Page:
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    Don't force it. If you can't see eye to eye, it may be time to leave. It isn't fair to force your partner into something they don't want – and it isn't fair for you to live in fear of losing yourself. Sometimes, you need to step back and focus on yourself before you can dive into a serious relationship.
    • Consider whether the situation merits a breakup. Breaking up with your partner will not only slow things down – it will bring them to a grinding halt. If you feel that this is the only choice, then don't be afraid to make it happen.
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    Try changing the way that you talk about your relationship. If you find yourself leaping to long-term plans and words of commitment—e.g. "I love you."—consider whether you're really comfortable with those things. Try to shift the dialogue to the short-term. Before you decide where your relationship is going to be years down the line, figure out where it will be in a few months' time.[5]

Part 3
Taking it Slow

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    Address the problem areas. Think about the specific things that make you uncomfortable, and find a way to either mange or avoid those things. It may be easy to slow down your relationship if you change the way that you respond to a very specific set of situations.
    • If you obsess about your girlfriend when you don't see her for a few days: find a way to see her more often, or ask her to communicate a bit more while she's away.
    • If your boyfriend tries to start something physical every time that you're in a bedroom together: stay away from the bedroom. Don't lie down on a bed with him, and consider limiting your alone time until you're confident that he won't push your boundaries.
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    Only make plans that you can keep. Stay in tune with yourself, and be strong in your convictions. Don't agree to be somewhere in six months' time if you aren't sure what you're doing next week! Some people are more comfortable with setting far-off plans, and some people prefer to figure out their plans as they go along – and that's perfectly okay. If you're in a relationship with someone who's more plan-happy than you are, you'll need to strike a balance between their comfort zone and yours.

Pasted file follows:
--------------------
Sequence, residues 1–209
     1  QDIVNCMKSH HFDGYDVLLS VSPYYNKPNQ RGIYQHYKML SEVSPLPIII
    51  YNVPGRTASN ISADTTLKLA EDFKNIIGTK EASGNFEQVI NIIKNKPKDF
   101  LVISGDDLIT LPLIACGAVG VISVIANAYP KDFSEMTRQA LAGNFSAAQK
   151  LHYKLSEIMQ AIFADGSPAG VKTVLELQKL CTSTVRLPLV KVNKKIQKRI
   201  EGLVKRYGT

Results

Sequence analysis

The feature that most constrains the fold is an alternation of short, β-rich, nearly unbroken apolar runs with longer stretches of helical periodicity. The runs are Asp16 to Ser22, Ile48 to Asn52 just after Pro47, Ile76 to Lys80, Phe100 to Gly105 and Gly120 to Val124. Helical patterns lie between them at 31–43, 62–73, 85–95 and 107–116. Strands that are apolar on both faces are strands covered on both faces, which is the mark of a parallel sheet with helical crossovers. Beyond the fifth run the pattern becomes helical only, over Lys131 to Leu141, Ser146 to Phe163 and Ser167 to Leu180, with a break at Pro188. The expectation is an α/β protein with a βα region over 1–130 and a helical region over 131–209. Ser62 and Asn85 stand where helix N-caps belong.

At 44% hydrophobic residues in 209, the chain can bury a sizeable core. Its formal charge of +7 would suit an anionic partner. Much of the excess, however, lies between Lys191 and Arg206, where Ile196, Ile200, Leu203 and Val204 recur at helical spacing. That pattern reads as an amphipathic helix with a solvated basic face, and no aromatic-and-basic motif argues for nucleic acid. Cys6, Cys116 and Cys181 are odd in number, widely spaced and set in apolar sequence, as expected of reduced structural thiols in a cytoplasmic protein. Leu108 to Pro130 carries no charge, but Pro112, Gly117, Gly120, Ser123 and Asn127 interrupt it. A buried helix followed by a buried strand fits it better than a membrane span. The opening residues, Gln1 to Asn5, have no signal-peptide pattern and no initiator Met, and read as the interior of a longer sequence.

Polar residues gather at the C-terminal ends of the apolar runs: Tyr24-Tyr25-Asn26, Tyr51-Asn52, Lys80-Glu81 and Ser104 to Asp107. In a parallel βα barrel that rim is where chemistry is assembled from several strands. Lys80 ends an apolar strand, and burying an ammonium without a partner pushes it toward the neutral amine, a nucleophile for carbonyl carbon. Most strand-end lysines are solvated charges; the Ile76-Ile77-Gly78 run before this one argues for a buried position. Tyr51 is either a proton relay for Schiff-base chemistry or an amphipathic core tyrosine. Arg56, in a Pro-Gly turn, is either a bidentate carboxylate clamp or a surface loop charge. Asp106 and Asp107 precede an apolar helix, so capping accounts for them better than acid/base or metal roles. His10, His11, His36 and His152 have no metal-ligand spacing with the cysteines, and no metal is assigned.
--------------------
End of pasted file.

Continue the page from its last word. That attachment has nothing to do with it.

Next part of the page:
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    Make time for yourself. It's easy to feel overwhelmed if you aren't giving yourself the space that you need. This doesn't mean that you need to take a formal break from the relationship; just set aside a bit of time each day to think about your own life and take your mind off of your partner. You might find that the simple act of valuing your "me" time makes you feel much more in control of your relationship.[6]
    • Spend time with your friends, and don't bring your significant other. Make sure that you keep the core of your friendships strong, even if you're all dating people. You don't need your significant other to be around all the time.[7]
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    Spend a weekend away. Getting out of town for a few days might give you both the chance to cool your jets and reevaluate what's important. Go camping, or visit a new city, or just take a long road trip. Climb a mountain; jump in the ocean. Find the space you need to clear your head.[8]
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    Avoid sleeping over. Try not to spend the night at this person's place, and don't invite him/her back to yours. Sleeping in the same bed can make seems things much more serious – especially when it starts to become a regular thing. The more intimate you become with a person, the more deeply intertwined your lives will be.[9]
    • The same goes for living together. A cohabitation situation—especially one that you haven't explicitly agreed upon—can make things feel as though they are spiraling into a more serious place.[10] Consider whether you need to scale your living situation back a notch.


  • Communication is key. If your partner doesn't understand what's going on, then they could act in ways you think are unacceptable.
  • Don't stay with someone if you want different things. You can always find someone else who is a better match.

Article Info

Categories: Commitment Issues | Dating